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E-learning success confounds cynics

Michael Shaw reports on a software package that seems to make GCSE grades jump

An online revision scheme is boosting GCSE results of lower-achieving pupils by an average of three grades, a new study reveals.

It suggests that the system alone can raise the proportion of pupils who gain five good GCSE grades by at least 5 per cent.

The report, published next month, is believed to be the first hard evidence that electronic learning can have a significant impact on exam performance.

Independent researchers analysed data on more than 80,000 pupils, of which 31,000 had been using the revision program SAM Learning, which teaches pupils to mark their work using the same techniques as examiners and reveals how they can score points even when they do not know a full answer (see box).

Lower-achieving students and pupils who used the software the longest benefited most. Average students who used the program for less than two hours saw overall results improve by half a grade; by one grade for between two and 10 hours; and by two grades for more than 10 hours. More interestingly, pupils with below-average attainment at key stage 3 saw their results raised by three grades - equivalent to three Cs rather than three Ds.

Previous studies into the benefits of software have been inconclusive.

However, the Fischer Family Trust researchers who carried out the study, claim it is more robust because it focuses on the value added to individual pupils' grades.

The Government has been criticised over plans to increase expenditure on ICT in education to pound;700 million a year by 2006 because evidence on the impact of computer use has been mixed.

But David Jaffa, managing director of SAM Learning, said the research showed that the Government was right. However, ICT should not be regarded as a panacea. "E-learning is not for everyone," he said. "But those who do like it may be the ones who aren't excited by normal teaching methods."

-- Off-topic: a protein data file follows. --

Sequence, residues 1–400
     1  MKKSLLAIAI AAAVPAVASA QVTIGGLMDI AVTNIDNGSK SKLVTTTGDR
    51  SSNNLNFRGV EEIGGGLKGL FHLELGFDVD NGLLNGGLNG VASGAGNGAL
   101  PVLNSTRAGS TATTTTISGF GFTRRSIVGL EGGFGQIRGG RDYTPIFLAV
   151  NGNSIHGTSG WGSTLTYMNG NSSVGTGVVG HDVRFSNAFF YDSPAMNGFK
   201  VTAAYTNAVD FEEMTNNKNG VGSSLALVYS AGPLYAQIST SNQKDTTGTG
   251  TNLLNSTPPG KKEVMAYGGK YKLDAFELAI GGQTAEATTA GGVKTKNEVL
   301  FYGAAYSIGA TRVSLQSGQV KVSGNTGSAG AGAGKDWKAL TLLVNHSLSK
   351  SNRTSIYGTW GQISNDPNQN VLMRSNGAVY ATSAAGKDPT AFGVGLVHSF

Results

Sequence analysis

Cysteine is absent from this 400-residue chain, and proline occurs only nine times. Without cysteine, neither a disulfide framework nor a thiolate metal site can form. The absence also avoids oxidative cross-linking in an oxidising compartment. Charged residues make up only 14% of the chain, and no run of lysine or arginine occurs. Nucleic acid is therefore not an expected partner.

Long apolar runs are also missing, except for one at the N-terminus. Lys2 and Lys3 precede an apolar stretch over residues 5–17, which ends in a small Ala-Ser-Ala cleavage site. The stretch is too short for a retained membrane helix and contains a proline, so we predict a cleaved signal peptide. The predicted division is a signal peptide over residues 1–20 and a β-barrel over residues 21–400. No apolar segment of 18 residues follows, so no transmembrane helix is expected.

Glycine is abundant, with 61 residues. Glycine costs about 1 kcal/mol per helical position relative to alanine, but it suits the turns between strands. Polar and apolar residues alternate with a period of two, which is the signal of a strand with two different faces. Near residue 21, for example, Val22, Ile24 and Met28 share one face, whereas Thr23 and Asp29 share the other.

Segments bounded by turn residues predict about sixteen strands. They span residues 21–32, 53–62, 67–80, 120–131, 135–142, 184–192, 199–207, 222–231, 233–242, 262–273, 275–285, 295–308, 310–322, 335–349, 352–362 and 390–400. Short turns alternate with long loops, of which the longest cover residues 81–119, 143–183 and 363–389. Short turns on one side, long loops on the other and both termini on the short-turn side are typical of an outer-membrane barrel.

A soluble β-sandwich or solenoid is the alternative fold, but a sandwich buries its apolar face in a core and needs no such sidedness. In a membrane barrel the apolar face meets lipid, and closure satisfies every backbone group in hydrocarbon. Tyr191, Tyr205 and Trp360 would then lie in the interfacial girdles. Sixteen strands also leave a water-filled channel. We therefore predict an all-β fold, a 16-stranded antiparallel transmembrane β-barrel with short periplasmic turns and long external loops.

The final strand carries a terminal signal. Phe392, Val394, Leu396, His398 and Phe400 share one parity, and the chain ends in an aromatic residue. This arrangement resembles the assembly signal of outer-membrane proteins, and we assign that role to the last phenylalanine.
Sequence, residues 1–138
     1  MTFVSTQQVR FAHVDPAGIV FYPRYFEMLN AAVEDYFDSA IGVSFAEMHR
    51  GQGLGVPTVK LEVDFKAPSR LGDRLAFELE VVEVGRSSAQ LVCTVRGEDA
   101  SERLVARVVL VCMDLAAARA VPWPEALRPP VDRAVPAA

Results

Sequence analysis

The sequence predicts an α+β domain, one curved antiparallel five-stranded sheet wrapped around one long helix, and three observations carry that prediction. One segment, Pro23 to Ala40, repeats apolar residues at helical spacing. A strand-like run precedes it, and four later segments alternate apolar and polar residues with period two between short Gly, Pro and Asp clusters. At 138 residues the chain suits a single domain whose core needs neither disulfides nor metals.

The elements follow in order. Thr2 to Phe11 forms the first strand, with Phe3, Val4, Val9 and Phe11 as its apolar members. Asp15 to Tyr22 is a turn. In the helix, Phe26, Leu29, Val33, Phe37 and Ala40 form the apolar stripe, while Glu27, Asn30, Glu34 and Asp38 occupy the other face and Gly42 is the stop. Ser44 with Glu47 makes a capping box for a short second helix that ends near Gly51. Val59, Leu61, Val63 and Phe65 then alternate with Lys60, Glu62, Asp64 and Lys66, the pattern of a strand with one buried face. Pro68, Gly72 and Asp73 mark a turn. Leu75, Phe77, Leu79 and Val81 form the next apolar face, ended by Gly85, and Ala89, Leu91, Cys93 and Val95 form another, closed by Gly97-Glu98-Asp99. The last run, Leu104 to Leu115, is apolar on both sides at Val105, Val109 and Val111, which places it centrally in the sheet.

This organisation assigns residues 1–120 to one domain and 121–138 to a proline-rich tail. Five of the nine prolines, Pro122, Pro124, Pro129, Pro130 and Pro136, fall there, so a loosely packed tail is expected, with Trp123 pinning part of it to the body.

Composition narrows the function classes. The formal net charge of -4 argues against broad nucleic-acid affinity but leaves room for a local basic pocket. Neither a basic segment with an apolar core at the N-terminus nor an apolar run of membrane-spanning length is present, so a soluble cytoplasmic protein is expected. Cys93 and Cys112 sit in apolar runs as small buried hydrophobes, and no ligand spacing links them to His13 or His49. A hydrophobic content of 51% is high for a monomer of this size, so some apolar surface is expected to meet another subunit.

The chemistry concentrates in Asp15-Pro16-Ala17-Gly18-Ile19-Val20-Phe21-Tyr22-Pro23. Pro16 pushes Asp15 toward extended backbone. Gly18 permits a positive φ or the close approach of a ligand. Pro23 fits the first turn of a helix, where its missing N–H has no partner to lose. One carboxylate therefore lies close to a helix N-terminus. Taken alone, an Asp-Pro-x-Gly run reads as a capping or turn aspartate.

Queens' school in Bushey, Hertfordshire, is one of more than 900 signed up to SAM Learning and staff there regularly set pupils tasks on the program as homework.

Kerry Clarke, deputy head, said the system had helped in the school's 16 percentage point improvement in GCSE results last year. "Children are naturally competitive," she said. "So they strive to reach the screen that tells them they have achieved 100 per cent on the revision exercise."

Charles Desforges, emeritus professor of education at Exeter university, has carried out research showing that there is no evidence that ICT enhances learning. He described the SAM results as "surprising", but added that a similar effect could be achieved if the pupils had been taught exam-passing techniques by their teachers instead of an online system.


A blunt question from a friend got David Jaffa into the revision business.

He was made redundant from a property firm in the recession of the late 1980s, just after he had qualified as a chartered surveyor.

Uncertain what do next,he asked a university friend for advice. "My friend asked 'What are you good at?' and the only thing I could say was passing exams," Mr Jaffa said. "So he said 'Why don't you write a book about that?'" Within a few months Mr Jaffa had finished the book, How to succeed at exams if you haven't done enough work.

The book sets out the self-assessment method (SAM), which teaches pupils to mark their own work like an examiner.

He developed the book into an online program SAM Learning for more than 30 different subjects and covering Sats, GCSEs and A-levels.

The program often asks pupils to write out answers to exam questions by hand. It then gets them to go through these, pointing out exactly where they can score marks.

Mr Jaffa said: "It's as much about exam technique as content. The classic example is maths, where pupils can get half the marks just by showing their working."

Teachers are provided with reports showing what pupils have been working on, even when they log on at home.

More than 100,000 pupils used the program last year, on average for six hours, with 48 per cent of that time outside school hours.

However, the system is not cheap. Subscriptions cost from pound;699 a year for a small primary to pound;4,499 for a large secondary, although discounts are available and it can be bought using the Government's electronic learning credits.

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